House panel may tackle teacher pay this week

MOORE

MOORE

By Bobby Harrison

Daily Journal Jackson Bureau

JACKSON – The size of the pay raise the House leadership hopes to move through the 2014 legislative session could be revealed as early as Wednesday.

That revelation will come when an amendment is offered to a bill filed by House Education Chairman John Moore, R-Brandon, that currently has language allowing a pay raise for teachers but does not provide an amount.

Moore said late Monday he could try to amend the bill in his committee as early as Wednesday to reveal the size of the raise supported by him and presumably the rest of the House leadership.

“I am waiting for Herb (House Appropriations Chairman Herb Frierson, R-Poplarville) to tell me what we can afford,” Moore said. Whatever the size of the pay raise passed by Moore’s committee also will have to be approved by the Appropriations Committee.

The two committees have until next Tuesday to pass the legislation and move it to the floor of the House. Technically, the bill could be passed out of the two committees as is and the size of the pay raise added later in the session.

But Moore said Monday that is not the plan.

“We plan to take up an amount in committee,” he said.

House Speaker Philip Gunn, R-Clinton, has voiced strong support for a teacher pay raise, but has indicated the size of the increase might not be revealed until late in the session when legislators have a better idea of how much money is available. He has even left himself some wiggle room, saying money might not be available for a pay raise this year.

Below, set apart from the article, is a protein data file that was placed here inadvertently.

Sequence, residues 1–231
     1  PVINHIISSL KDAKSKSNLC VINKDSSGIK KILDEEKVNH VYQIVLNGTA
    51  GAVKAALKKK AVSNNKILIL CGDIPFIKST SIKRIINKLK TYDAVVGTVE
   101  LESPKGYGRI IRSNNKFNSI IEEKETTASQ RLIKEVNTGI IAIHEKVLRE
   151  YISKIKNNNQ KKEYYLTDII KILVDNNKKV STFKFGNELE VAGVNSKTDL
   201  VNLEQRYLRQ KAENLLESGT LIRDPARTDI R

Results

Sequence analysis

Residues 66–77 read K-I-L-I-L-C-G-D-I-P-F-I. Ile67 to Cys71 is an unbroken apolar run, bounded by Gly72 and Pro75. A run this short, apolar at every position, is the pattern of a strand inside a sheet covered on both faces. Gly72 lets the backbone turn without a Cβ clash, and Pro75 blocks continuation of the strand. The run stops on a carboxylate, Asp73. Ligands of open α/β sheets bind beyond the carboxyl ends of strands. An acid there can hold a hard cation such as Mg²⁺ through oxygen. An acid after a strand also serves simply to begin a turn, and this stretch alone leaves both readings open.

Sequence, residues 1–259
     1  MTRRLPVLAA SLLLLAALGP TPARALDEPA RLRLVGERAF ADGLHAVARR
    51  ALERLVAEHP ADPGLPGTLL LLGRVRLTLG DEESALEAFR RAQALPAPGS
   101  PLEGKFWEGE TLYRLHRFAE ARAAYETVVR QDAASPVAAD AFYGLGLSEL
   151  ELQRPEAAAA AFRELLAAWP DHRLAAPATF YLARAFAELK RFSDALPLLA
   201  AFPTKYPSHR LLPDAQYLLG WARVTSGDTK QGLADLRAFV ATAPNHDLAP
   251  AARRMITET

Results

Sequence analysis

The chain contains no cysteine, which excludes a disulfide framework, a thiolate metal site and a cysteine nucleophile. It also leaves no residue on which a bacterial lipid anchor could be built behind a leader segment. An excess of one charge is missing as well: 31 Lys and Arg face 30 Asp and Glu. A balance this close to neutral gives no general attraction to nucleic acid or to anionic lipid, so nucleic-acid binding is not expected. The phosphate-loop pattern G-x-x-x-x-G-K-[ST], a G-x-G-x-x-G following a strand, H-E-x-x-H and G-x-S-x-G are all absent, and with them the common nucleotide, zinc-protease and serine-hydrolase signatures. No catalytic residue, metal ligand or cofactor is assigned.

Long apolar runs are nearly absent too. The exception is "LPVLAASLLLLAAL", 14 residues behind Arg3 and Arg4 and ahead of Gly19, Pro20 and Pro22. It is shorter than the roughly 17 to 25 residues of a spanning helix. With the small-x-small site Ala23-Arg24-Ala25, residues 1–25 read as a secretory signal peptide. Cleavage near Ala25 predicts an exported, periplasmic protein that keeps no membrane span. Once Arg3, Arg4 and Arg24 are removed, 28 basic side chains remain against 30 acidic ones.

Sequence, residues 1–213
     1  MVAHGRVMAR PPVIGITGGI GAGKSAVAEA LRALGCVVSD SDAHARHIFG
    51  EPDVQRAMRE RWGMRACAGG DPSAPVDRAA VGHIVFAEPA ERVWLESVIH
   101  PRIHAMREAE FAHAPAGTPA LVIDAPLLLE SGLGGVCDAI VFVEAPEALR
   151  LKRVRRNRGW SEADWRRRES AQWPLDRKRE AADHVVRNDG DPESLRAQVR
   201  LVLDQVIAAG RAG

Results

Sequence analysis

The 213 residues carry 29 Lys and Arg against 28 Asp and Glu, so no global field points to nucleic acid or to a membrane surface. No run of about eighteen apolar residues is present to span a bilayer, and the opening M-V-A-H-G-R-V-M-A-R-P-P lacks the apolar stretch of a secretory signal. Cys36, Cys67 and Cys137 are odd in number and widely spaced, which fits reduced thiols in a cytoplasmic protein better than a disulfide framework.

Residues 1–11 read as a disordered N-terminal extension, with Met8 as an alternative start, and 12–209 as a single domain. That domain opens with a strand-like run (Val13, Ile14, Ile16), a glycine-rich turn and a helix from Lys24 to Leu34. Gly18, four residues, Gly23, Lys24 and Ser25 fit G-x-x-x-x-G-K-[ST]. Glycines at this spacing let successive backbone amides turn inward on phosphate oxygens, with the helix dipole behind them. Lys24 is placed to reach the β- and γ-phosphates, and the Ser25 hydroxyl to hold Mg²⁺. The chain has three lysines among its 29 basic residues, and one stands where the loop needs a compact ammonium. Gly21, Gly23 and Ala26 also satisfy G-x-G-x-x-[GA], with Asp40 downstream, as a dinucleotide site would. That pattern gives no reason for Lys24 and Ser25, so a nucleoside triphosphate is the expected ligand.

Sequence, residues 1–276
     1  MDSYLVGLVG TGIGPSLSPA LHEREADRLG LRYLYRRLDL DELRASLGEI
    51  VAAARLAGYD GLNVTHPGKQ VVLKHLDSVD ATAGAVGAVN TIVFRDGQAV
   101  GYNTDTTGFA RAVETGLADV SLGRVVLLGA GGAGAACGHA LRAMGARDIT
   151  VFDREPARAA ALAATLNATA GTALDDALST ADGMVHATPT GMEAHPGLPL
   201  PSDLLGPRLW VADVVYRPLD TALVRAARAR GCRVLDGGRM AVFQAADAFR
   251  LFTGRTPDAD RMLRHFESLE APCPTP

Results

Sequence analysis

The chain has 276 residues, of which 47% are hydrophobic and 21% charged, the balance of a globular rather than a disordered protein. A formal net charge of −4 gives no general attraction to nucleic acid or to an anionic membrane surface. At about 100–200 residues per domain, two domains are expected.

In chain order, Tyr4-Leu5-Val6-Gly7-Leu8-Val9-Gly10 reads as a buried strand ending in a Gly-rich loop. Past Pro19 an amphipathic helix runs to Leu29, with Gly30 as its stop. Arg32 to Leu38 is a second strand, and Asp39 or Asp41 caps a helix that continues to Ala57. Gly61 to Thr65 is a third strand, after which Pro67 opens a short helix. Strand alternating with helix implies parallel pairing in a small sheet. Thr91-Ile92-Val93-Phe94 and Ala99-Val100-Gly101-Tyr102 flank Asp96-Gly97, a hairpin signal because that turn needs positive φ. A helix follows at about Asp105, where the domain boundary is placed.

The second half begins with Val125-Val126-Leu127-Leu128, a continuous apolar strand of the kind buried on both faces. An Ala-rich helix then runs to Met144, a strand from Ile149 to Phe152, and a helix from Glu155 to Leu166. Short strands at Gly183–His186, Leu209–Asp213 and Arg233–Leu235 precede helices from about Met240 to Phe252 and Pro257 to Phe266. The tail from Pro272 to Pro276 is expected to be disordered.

But Moore, one of Gunn’s key committee chairmen, has indicated that at least a starting point for the leadership position on a teacher pay raise will be revealed this week.

The state’s more than 30,000 teachers have not had a pay raise since 2007. Last year, Rep. Steve Holland, D-Plantersville, was successful in amending a bill on the House floor to provide teachers a $5,000 raise. But the proposal died later in the session in part because the leadership said the state could not afford it.

In addition, Gov. Phil Bryant has said that he supports merit pay increases for teachers instead of across-the-board raises. But after his State of the State speech last week Bryant indicated that he would consider an across-the-board raise this year.

bobby.harrison@journalinc.com